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Google today launched the first Android 11 developer preview, available for download now at developer.android.com. The preview includes a preview SDK for developers with system images for the Pixel 2, Pixel 2 XL, Pixel 3, Pixel 3 XL, Pixel 3a, Pixel 3a XL, Pixel 4, and Pixel 4 XL, as well as the official Android Emulator.
While it’s the fifth year running that Google has released the first developer preview of the next Android version in Q1, this is the earliest developer preview yet. Android N (later named Android Nougat), Android O (Android Oreo), Android P (Android Pie), and Android Q (Android 10) were all first shown off in the month of March. Last year, Google used the Android Beta Program, which lets you get early Android builds via over-the-air updates on select devices. This year, however, Google is not making the first preview available as a beta (you’ll need to manually flash your device). In other words, Android 11 is not ready for early adopters to try, just developers.
If Google sticks to its usual cadence, the company will likely open Android 11 testing to more phones with the second developer preview. The first Android 11 developer preview is, however, available on a couple more phones (eight Pixels as opposed to six). Still, that’s a tiny slice of the over 2.5 billion monthly active Android devices — the main reason developers are eager to see what’s new for the platform in the first place.
With Android Q, Google talked up support for 5G and foldable devices. The company is keeping those going, while also emphasizing machine learning improvements.
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If you want the short version, here are the first Android 11 developer preview highlights: 5G experiences, people and conversations improvements, Neural Networks API 1.3, privacy and security features, Google Play System updates, app compatibility, connectivity, image and camera improvements, and low latency tweaks.
Developer Preview 1 features
Still not satisfied? Here is the longer version of all the new APIs and features (and there is more to come; this is just the developer preview, after all):
- Bandwidth estimator API: Google updated this API for 5G to make it easier to check the downstream/upstream bandwidth, without needing to poll the network or compute your own estimate. If the modem doesn’t provide support, the API makes a default estimation based on the current connection.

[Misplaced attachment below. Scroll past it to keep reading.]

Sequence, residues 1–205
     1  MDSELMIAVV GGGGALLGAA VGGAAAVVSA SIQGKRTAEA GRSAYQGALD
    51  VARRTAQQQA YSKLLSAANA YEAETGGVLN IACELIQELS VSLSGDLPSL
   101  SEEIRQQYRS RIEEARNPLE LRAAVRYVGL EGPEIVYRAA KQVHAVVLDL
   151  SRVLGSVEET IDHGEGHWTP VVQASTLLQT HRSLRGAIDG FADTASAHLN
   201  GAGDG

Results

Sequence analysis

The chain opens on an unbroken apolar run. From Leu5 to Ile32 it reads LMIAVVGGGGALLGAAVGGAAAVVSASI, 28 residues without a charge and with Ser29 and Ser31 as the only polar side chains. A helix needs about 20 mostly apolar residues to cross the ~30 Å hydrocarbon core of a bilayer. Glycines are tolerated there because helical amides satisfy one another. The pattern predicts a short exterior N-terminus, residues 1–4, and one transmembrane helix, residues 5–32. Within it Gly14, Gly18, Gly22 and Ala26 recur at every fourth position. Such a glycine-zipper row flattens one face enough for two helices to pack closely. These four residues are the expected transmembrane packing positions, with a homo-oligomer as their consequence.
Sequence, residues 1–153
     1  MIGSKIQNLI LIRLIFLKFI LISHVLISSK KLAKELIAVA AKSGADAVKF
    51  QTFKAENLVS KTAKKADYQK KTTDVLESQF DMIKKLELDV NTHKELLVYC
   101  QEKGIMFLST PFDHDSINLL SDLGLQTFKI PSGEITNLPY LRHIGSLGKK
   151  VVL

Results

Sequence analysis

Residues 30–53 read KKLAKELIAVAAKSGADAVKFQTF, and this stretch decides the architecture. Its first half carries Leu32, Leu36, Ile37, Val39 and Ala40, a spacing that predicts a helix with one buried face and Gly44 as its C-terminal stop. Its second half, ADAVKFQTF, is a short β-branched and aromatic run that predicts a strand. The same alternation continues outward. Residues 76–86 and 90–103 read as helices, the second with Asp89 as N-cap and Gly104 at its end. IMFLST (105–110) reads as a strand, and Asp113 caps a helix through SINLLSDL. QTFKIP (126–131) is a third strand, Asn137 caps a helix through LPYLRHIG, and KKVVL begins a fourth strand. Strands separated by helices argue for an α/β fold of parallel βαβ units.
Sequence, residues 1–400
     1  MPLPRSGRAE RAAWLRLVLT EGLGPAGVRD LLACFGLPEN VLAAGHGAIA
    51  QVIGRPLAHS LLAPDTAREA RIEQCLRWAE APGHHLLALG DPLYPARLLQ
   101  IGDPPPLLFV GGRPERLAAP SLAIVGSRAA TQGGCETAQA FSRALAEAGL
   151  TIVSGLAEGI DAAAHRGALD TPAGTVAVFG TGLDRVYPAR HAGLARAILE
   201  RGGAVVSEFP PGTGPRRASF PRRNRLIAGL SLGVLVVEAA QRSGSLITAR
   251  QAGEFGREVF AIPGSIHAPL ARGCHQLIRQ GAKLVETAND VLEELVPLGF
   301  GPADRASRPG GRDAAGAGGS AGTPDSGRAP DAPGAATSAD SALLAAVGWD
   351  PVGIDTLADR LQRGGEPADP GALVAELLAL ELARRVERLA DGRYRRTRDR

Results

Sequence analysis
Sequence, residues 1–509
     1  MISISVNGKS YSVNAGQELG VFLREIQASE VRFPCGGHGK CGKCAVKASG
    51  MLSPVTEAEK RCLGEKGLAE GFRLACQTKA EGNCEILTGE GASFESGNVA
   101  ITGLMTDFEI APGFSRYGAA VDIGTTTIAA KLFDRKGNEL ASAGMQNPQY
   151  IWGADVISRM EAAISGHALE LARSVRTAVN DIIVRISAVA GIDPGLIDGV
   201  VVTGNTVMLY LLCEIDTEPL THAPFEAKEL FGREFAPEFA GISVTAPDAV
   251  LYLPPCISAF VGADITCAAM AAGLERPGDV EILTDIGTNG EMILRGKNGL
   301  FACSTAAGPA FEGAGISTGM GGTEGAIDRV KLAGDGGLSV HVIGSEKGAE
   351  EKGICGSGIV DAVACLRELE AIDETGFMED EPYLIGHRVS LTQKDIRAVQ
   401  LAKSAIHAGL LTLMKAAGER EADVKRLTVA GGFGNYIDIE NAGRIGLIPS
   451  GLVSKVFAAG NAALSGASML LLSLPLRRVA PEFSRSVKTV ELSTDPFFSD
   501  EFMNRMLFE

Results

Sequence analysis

- Dynamic meteredness API: This API lets you check whether the connection is unmetered and, if so, offer higher resolution or quality that may use more data. The API now includes cellular networks so that you can identify users whose carriers are offering truly unmetered data while connected to the carrier’s 5G network.
- Pinhole and waterfall screens: Apps can manage pinhole screens and waterfall screens using the existing display cutout APIs. If you want, a new API lets your app use the entire waterfall screen including the edges, with insets to help you manage interaction near the edges.
- Dedicated conversations section in the notification shade: Users can find their ongoing conversations with people in their favorite apps.
- Bubbles: Keep conversations in view and accessible while multi-tasking on their phones. Messaging and chat apps should use the Bubbles API on notifications to enable this in Android 11.
- Insert images into notification replies: If your app supports image copy/paste, you can now let users insert assets directly into notification inline replies as well as in the app itself. Image copy support is also available in Chrome while image paste support will show up in Gboard’s clipboard.
- Neural Networks API (NNAPI) 1.3: Google is expanding the operations and controls for running computationally intensive operations for machine learning on Android devices. Quality of Service APIs support priority and timeout for model execution and Memory Domain APIs reduce memory copying and transformation for consecutive model execution. Quantization support has gained signed integer asymmetric quantization, where signed integers are used in place of floating point numbers to enable smaller models and faster inference.
- One-time permission: For the most sensitive types of data — not just location but also for the device microphone and camera — users can now grant temporary access through a one-time permission. This permission means that apps can access the data until the user moves away from the app, and they must then request permission again for the next access.
- Scoped storage: Enhancements including opt-in raw file path access for media, updated DocumentsUI, and batch edit operations in MediaStore.
- Safer Location Access: Updated Google Play Policy to ensure that apps only request location permissions when truly necessary.
- Biometrics: Expanded to meet the needs of a wider range of devices. BiometricPrompt now supports three authenticator types with different levels of granularity — strong, weak, and device credential. The BiometricPrompt has been decoupled from the app’s Activity lifecycle to make it easier to integrate with various app architectures, and to improve the transaction UI.
- Platform hardening: Expanded use of compiler-based sanitizers in security-critical components, including BoundSan, IntSan, CFI, and Shadow-Call Stack. Google has also enabled heap pointer tagging for apps targeting Android 11 or higher, to help apps catch memory issues in production. The team used HWAsan to find and fix memory errors — developers can now use HWAsan-enabled system images to find such issues in their apps.
- Secure storage and sharing of data: Apps can now share data blobs easily and more safely with other apps through a BlobstoreManager. The Blob store is ideal for use cases like sharing ML models among multiple apps for the same user.